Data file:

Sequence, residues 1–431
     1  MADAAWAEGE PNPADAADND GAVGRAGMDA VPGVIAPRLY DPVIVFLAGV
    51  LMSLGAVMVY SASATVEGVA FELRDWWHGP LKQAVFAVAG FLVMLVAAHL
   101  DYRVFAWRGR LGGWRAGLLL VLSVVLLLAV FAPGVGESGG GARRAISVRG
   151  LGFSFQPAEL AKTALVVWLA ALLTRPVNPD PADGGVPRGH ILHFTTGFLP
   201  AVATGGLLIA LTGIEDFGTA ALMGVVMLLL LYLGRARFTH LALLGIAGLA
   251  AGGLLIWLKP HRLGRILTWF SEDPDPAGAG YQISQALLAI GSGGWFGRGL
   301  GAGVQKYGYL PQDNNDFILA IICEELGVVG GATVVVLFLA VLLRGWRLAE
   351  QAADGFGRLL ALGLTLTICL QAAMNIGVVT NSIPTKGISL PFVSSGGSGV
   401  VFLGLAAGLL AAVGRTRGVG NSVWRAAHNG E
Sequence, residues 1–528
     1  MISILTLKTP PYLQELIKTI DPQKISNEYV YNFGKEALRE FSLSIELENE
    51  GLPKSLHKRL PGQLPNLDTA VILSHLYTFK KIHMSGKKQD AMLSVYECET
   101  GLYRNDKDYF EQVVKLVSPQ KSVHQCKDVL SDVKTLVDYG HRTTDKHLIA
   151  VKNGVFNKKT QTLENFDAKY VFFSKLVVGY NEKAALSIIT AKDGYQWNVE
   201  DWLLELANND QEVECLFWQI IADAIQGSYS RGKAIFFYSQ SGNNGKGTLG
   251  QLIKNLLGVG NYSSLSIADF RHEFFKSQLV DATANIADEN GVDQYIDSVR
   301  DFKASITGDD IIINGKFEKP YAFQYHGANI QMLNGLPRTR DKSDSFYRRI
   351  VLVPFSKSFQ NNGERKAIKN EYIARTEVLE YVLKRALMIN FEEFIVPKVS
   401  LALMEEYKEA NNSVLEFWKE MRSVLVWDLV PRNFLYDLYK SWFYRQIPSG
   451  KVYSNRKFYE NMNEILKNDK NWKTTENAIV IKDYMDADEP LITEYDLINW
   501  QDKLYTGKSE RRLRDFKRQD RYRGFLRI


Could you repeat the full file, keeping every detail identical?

Sequence, residues 1–431
     1  MADAAWAEGE PNPADAADND GAVGRAGMDA VPGVIAPRLY DPVIVFLAGV
    51  LMSLGAVMVY SASATVEGVA FELRDWWHGP LKQAVFAVAG FLVMLVAAHL
   101  DYRVFAWRGR LGGWRAGLLL VLSVVLLLAV FAPGVGESGG GARRAISVRG
   151  LGFSFQPAEL AKTALVVWLA ALLTRPVNPD PADGGVPRGH ILHFTTGFLP
   201  AVATGGLLIA LTGIEDFGTA ALMGVVMLLL LYLGRARFTH LALLGIAGLA
   251  AGGLLIWLKP HRLGRILTWF SEDPDPAGAG YQISQALLAI GSGGWFGRGL
   301  GAGVQKYGYL PQDNNDFILA IICEELGVVG GATVVVLFLA VLLRGWRLAE
   351  QAADGFGRLL ALGLTLTICL QAAMNIGVVT NSIPTKGISL PFVSSGGSGV
   401  VFLGLAAGLL AAVGRTRGVG NSVWRAAHNG E
Sequence, residues 1–528
     1  MISILTLKTP PYLQELIKTI DPQKISNEYV YNFGKEALRE FSLSIELENE
    51  GLPKSLHKRL PGQLPNLDTA VILSHLYTFK KIHMSGKKQD AMLSVYECET
   101  GLYRNDKDYF EQVVKLVSPQ KSVHQCKDVL SDVKTLVDYG HRTTDKHLIA
   151  VKNGVFNKKT QTLENFDAKY VFFSKLVVGY NEKAALSIIT AKDGYQWNVE
   201  DWLLELANND QEVECLFWQI IADAIQGSYS RGKAIFFYSQ SGNNGKGTLG
   251  QLIKNLLGVG NYSSLSIADF RHEFFKSQLV DATANIADEN GVDQYIDSVR
   301  DFKASITGDD IIINGKFEKP YAFQYHGANI QMLNGLPRTR DKSDSFYRRI
   351  VLVPFSKSFQ NNGERKAIKN EYIARTEVLE YVLKRALMIN FEEFIVPKVS
   401  LALMEEYKEA NNSVLEFWKE MRSVLVWDLV PRNFLYDLYK SWFYRQIPSG
   451  KVYSNRKFYE NMNEILKNDK NWKTTENAIV IKDYMDADEP LITEYDLINW
   501  QDKLYTGKSE RRLRDFKRQD RYRGFLRI